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Published on April 10, 2019 in Share Your Story

In late 2009, I noticed that my reoccurring headaches were becoming more frequent and severe. After dropping off my three children at school one morning with my husband, I was overcome with extreme pain and was rushed to the nearest emergency room. After several tests and scans, I was diagnosed with a brain tumor, an Astrocytoma. Although benign, their tentacle-like projections caused numerous issues.

The tumor was located in my cerebellum and required immediate treatment. “The tumor was so big that it broke my top two vertebrae,” I was sent to a hospital that was a couple of hours away for surgeons to remove as much of the tumor as they could. I have had five surgeries since 2009.

The initial surgery left me in intensive care for 21 days, but nothing could compare to the recovery process of my fifth and final surgery in June of 2015. My final surgery left me in a wheelchair for almost five months. I couldn’t do anything for myself; I was dependent on everyone else,”
said Gray. My husband worked 60 plus hours a week and would have to bathe me, take care of all of my hygiene, feed me, dress me, take me to the restroom, cook dinner and clean the home, all while caring for our children.”

I face many months of painful physical therapy exercises to help me relearn to walk and strengthen balance and coordination. I also faced the reality of additional treatment for my tumor. After the fifth surgery, my doctor said he wanted to follow-up with me in six months to a year and send me to radiology where they would try to use radiation to remove the remaining tumor. The night before my appointment, my husband laid hands on me as he was commanded by the Lord in prayer. The next morning, I had my MRI and waited to see my neurosurgeon for the results. The neurosurgeon was baffled because he did not understand why there was no tumor to be found and said that I would not need radiation treatment after all.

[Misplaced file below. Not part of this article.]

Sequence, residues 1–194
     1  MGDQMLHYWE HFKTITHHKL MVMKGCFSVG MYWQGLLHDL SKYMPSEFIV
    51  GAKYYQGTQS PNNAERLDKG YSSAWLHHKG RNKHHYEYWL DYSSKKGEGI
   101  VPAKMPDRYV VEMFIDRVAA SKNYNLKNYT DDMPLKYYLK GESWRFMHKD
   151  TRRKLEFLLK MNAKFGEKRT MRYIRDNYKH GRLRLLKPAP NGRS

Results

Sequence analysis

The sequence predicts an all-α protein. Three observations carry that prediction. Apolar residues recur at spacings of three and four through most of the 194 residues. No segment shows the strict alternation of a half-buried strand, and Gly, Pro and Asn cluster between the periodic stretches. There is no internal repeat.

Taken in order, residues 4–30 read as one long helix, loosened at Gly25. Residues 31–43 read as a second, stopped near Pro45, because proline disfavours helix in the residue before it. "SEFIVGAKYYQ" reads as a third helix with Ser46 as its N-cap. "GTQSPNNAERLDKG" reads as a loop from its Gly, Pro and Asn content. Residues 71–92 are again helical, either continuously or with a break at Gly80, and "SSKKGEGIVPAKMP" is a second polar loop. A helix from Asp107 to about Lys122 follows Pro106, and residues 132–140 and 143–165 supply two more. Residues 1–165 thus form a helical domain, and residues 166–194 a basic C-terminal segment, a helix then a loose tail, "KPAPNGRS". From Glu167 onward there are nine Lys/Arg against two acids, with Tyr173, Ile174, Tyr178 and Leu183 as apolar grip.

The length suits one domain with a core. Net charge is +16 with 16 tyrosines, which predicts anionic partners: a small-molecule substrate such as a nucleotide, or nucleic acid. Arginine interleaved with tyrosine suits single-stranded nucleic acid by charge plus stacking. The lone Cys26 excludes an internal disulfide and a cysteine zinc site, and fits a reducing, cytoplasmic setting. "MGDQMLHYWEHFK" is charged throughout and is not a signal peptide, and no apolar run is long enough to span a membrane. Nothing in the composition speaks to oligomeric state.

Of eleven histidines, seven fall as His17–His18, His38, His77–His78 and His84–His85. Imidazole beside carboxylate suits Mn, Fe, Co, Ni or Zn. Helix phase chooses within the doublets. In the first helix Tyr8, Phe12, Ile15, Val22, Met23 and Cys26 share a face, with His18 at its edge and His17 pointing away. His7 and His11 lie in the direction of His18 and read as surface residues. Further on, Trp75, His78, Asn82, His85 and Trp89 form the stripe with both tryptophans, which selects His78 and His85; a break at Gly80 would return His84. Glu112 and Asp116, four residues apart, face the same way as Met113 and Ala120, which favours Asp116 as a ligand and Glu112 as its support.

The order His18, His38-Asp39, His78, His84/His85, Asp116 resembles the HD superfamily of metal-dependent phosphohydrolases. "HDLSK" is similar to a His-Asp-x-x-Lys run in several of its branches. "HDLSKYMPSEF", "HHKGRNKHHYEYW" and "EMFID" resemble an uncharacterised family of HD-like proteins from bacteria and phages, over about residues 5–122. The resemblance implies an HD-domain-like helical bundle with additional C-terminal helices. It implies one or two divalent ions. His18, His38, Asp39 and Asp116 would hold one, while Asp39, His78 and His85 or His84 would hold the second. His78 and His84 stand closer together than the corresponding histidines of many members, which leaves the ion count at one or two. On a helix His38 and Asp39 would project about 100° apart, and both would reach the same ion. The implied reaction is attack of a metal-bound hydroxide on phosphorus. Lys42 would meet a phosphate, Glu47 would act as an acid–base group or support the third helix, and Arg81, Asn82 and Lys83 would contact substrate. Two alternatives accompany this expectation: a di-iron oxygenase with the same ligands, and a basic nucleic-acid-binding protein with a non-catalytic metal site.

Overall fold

My husband and I rejoiced in their answered prayer and give all praise and honor to the Lord for the miraculous healing work He has done in her life. My faith is what kept me going. God is good, and I have learned that He will fight for us; we just need to learn to be still.”

While I still suffer from some residual impairments from surgeries, including issues with double vision, balance and coordination, hydrocephalus, partial paralysis and left sided weakness, I cling to victory in Christ. We have seen GREAT things come throughout this journey. My family has become closer, and we have all learned so much from it. It is my faith that taught me to never give up. Push until you think you can’t, and the push some more. He will fight for you. God’s got this!

Opinions expressed within this story belong solely to the author and do not reflect the views or opinions of the National Brain Tumor Society.

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